Legal scholars have argued that the presumption of innocence dates back to the time of Deuteronomy and that the presumption was embodied in the laws of ancient Greek city-states Athens and Sparta. Today the presumption of innocence is a right guaranteed to those prosecuted in the United States. However, the mental process involved in presuming someone innocent is contrary to how we are taught to think on a daily basis.
Consider the last time you were driving on Interstate 80 when you observed in the distance the red and blue flash of police lights. As you drove closer you noticed a car had been pulled-over by the State Patrol. What is the first thing that popped into your head? Did you think why did the State Patrol stop that innocent man? Most potential jurors tell me when they see a person stopped on the interstate they assume he was speeding or committing some other law violation. They assume guilt. After all, why would the State Patrol pull-over an innocent member of the motoring public?
Our first reaction to reading about an arrest in the newspaper is that the person arrested must have broken the law. Where there is smoke there is fire. In school we are taught to trust police and call them when we need help. Surely, Officer Friendly, who is charged with the great responsibility of protecting our citizens doesn’t make mistakes. If a police officer provides sworn testimony against a person, that person must be guilty. We want to believe our government would not charge a man with a crime he did not commit. We trust that our public servants do not seek to incarcerate innocent persons.
A juror must begin the trial with the presumption that the defendant is not guilty. The juror must also begin the trial with the understanding that the burden of proving the case lies solely with the government. That’s right, the juror must presume that the government with all of its power and resources is prosecuting an innocent citizen. Further the jury may not draw any inferences against the defendant from the fact that he has been arrested and charged with a crime and is present in court or represented by an attorney.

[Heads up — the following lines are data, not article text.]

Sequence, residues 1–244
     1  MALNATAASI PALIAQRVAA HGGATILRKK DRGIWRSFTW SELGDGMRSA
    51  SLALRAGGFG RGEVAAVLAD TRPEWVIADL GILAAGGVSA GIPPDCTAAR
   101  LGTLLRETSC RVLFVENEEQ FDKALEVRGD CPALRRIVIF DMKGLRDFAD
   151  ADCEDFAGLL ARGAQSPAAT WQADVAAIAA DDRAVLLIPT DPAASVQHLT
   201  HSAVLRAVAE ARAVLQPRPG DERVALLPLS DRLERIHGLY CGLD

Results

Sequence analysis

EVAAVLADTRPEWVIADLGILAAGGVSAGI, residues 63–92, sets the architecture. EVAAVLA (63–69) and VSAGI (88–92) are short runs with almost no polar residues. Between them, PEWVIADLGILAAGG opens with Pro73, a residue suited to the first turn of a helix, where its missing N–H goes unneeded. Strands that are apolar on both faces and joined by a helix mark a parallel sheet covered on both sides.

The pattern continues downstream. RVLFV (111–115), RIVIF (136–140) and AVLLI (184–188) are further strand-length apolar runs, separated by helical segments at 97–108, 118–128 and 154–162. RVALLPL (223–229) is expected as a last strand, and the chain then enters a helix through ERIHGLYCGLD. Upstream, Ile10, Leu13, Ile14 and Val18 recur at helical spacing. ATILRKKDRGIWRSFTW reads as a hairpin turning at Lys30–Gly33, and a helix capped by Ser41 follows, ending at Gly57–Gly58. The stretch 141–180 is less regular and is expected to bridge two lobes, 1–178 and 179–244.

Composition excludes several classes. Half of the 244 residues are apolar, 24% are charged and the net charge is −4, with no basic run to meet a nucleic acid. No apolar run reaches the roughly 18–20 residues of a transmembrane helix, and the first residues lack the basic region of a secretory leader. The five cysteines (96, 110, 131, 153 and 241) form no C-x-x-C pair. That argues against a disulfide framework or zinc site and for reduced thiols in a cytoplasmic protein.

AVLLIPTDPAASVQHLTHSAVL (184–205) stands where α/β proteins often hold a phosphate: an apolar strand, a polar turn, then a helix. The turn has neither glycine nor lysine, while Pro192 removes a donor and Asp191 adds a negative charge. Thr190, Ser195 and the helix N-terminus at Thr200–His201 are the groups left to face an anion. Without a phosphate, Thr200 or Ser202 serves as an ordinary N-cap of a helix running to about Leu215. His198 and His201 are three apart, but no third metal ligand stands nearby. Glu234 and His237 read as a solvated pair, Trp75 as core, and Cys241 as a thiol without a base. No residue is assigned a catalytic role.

The defendant does not have to testify, call witnesses or present any evidence, and if the defendant elects not to testify or present evidence, this decision cannot be used against him. The defendant is cloaked in the presumption of innocence, that cloak, by law, withstands the attacks of the government unless the government can overcome the presumption by erasing all reasonable doubt that the defendant is guilty of the crime charged.
Even if the defendant presents no evidence, government witnesses that testify are forced to endure the crucible of cross-examination by the defendant’s attorney who seeks to expose their motives, mistakes, misconceptions, and fabrications.
Go back to your presumptions about law enforcement, government, and those accused of crimes. How many accused murderers, alleged embezzlers, arrested tax evaders, suspected drunk drivers, and reported child abusers have you presumed innocent this year? The answer I usually get from prospective jurors is “none.” And yet, most jurors can recall at least one instance in which he or a person he knows well was falsely accused of wrongdoing by somebody.
Everyone wants to hold accountable those who break the rules; we want to be tough on crime. Yet, The presumption of innocence requires jurors to hold our government accountable to a standard of law. This presumption of innocence is the same legal standard that protects you and your family from accusers. This is the American way.